North County School Districts putting plans in place

NORTH COUNTY - Tonasket and Oroville School closed their doors to students and staff at the end of the school...

By Gary A. DeVon – gdevon@gazette-tribune.com &
Laura Knowlton – lknowlton@gazette-tribune.com

Local districts trying to lessen impact on students

OLYMPIA – Just one day after ordering school closures in three counties on the west side of the state, Washington State Governor Jay Inslee expanded the closures to all schools throughout the state in a press conference Friday, March 13.

The governor said he was taking the unprecedented move in an effort to minimize the spread of COVID-19 (coronavirus). In his directive, Gov. Jay Inslee took the following action:

  • Expanded the prohibition of social, spiritual and recreational gatherings of more than 250 people to include the entire state of Washington
  • Closing all schools in Washington State (K-12, 2-year, 4-year, community and technical schools) no later than Tuesday March 17, 2020 through at least April 24, 2020
  • Expanded the directive of nursing/assisted living homes to adult family homes

Locally, Tonasket and Oroville school districts ended their school day last Monday with instructions to students on how to carry on their school work from home.

“As many of you know Governor Inslee mandated the executive order to close all schools until at least April 24, 2020. The building offices will remain open through Friday, March 20, for families to pick up their student’s belongings. Only staff essential to provide this help and to maintain the facility will be on campus this week,” said Tonasket School District Superintendent, Steve McCullough.

Tonasket school buildings are closed to all outside groups and the buildings are off-limits to all staff and community on weekends, no exceptions, through April 27th.

In a letter to parents and guardians, Oroville Superintendent Dr. Jeff Hardesty wrote, “I write to you thoughtfully about our Governor’s recent announcement to close schools statewide. I understand that this school closure will impact families socially, emotionally and economically. The Oroville School District will be providing support in an effort to reduce some of the impacts to your family.”

There are still a lot of unknowns as schools work through the novel coronavirus (COVID-19) which has now been declared a global pandemic and Superintendents and administrators across the region are working very closely as they work through this unique situation they are up against.

“As you know, the District has been preparing for a remote learning program for students in the event of a school closure,” said Oroville Supt. Hardensty. “You will receive more detailed information about your child’s remote learning program early next week.  For now, please know that your child’s new school week will consist of: one conference per week with their teacher, i.e. via, phone, Skype and/or email, and weekly assignments to be completed at home. This instructional program will still be based on required grade level learning standards, and will include support for students who might struggle with the work at home. We still need to provide students with the skills to advance to the next grade level; and, students will still need credits to graduate.”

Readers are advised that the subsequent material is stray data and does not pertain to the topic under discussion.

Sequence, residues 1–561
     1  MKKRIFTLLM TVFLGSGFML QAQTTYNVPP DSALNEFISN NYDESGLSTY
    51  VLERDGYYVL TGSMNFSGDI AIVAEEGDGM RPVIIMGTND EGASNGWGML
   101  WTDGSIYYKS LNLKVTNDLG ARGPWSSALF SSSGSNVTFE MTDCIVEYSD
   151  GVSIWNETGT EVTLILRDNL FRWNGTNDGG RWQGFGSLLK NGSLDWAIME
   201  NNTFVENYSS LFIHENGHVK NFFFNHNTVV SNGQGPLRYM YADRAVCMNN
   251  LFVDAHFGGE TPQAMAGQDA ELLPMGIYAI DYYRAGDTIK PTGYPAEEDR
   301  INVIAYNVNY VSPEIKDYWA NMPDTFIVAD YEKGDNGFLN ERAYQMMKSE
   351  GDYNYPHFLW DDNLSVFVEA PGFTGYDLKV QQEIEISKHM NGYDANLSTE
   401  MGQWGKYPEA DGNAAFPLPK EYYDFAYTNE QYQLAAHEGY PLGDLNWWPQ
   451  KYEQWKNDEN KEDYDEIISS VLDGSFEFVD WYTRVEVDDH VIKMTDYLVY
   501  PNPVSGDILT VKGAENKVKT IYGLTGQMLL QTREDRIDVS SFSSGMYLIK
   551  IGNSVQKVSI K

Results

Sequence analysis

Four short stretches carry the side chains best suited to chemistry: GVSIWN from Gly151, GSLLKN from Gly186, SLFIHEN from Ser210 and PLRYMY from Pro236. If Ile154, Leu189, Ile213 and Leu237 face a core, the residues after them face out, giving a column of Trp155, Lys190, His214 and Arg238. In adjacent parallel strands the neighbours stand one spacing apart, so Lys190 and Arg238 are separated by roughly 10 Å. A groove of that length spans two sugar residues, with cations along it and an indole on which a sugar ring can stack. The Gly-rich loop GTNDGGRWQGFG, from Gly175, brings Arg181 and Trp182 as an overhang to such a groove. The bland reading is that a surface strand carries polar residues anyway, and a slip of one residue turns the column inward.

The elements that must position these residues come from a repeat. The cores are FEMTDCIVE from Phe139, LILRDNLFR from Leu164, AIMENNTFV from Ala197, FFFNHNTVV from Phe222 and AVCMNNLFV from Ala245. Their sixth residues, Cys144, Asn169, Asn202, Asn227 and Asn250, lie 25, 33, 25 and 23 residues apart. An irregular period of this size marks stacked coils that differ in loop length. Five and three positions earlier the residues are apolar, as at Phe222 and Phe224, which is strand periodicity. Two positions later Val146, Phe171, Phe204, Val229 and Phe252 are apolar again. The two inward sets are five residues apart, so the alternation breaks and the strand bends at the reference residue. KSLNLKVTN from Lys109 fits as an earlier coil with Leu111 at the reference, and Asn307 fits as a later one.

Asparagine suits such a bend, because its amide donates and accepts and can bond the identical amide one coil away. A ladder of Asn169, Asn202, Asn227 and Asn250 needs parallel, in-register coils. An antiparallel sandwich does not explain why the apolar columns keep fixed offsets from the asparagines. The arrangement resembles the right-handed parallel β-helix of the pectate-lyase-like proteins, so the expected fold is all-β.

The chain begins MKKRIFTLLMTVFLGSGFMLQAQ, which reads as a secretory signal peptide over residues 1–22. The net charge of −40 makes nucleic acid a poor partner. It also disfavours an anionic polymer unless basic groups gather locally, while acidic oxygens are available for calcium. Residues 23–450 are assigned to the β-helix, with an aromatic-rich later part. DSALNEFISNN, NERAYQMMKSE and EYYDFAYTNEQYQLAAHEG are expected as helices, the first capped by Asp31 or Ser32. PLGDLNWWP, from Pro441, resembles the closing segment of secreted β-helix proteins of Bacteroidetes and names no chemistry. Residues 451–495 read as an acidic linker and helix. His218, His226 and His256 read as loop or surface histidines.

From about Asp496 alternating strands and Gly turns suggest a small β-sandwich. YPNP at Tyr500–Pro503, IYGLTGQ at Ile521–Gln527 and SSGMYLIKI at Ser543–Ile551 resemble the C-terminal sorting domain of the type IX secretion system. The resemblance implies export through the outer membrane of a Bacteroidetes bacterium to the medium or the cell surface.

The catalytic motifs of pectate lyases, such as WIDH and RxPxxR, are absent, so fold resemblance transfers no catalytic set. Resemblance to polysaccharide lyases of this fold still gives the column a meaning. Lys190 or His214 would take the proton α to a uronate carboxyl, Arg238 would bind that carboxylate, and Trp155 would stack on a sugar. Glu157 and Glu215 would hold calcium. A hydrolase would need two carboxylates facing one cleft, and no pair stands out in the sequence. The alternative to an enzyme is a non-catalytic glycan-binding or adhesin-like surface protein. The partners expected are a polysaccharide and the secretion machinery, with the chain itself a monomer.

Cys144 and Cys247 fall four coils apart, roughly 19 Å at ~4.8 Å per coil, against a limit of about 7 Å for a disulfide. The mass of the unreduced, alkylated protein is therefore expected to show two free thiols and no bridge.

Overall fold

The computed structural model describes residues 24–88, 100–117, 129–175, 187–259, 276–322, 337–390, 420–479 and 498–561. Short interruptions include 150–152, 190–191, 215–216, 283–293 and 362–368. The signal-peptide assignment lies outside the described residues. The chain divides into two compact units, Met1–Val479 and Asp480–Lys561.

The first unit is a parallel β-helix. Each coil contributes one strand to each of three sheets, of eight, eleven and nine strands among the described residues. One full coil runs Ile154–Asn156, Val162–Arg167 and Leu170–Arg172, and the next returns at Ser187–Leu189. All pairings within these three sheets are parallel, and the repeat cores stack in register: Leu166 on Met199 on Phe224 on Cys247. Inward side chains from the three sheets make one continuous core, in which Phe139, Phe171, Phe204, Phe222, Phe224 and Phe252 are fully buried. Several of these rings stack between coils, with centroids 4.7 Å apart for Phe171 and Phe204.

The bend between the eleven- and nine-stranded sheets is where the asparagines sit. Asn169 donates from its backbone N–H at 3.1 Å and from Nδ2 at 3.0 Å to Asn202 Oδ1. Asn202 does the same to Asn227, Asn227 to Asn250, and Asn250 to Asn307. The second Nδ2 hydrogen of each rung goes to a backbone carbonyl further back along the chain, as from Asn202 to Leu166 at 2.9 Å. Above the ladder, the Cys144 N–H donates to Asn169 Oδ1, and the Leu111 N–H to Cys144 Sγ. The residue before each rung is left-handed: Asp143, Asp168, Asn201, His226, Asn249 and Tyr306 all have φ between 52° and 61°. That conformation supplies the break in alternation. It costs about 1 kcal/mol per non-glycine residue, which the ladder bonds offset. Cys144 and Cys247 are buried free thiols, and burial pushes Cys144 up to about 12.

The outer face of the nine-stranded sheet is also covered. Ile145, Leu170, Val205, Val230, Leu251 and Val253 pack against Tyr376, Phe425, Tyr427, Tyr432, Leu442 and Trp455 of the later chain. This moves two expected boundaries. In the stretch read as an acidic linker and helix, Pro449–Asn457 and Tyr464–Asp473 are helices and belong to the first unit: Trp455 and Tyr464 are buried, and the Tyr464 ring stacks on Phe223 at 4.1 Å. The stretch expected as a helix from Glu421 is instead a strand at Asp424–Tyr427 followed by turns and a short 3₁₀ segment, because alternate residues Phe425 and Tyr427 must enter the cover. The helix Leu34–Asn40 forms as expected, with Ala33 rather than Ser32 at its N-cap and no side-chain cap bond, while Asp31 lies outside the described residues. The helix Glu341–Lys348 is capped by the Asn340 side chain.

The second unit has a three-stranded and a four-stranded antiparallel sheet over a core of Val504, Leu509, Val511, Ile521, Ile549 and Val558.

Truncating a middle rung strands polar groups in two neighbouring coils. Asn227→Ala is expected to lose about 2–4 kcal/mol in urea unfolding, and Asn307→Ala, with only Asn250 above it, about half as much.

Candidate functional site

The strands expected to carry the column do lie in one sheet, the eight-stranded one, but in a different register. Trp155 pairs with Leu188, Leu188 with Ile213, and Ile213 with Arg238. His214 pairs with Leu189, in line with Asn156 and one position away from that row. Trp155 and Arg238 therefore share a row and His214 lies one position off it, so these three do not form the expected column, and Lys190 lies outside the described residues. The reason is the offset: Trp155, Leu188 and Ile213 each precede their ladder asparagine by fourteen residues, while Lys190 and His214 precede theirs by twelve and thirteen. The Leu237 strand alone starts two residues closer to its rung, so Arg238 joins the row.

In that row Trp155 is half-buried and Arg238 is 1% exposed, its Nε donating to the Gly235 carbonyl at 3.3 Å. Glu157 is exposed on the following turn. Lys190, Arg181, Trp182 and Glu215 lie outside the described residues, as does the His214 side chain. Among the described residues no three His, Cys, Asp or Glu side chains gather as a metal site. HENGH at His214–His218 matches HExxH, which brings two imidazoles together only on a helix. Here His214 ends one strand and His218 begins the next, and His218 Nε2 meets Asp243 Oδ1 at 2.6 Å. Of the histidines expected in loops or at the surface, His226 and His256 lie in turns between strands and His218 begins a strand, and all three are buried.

Oroville School District also has a plan in place to use the current bussing route system to deliver and pick up important instructional materials that might be needed for remote learning. In addition, the bussing route system will also be used to provide for the district’s daily food services to students.

Oroville School District has also sent out a brief survey by phone and email regarding the availability of different technologies in the home. These include questions about internet availability and whether the student has access to computers and tablets for competing assignments for remote learning.

Oroville School District staff have created Student Learning Plans (SLP’s) for every student which maps out the work students shall be completing at home. SLP’s will serve as a means to monitor the progress of each student in order to determine supports that will be needed at home, as well as student progress toward grade level expectations and toward meeting graduation requirements. More specifically, SLP’s will assist in monitoring and reporting progress in the following ways:

• Attendance – Students will be required to “attend” at minimum one weekly meeting with a certificated staff member.  This will be done through Zoom, Google Classroom, email, Skype, or a phone call.  The weekly meeting will count for your student’s attendance for the entire week, so it is imperative that your student not miss the meeting.

• Grading – Students are expected to complete all work that is being sent home with/for them. This work will be returned to the teacher for grading, which will be entered into Skyward. The weekly work will also count for your student’s attendance for the entire week, so it is imperative that your student makes progress and completes the work assigned to them.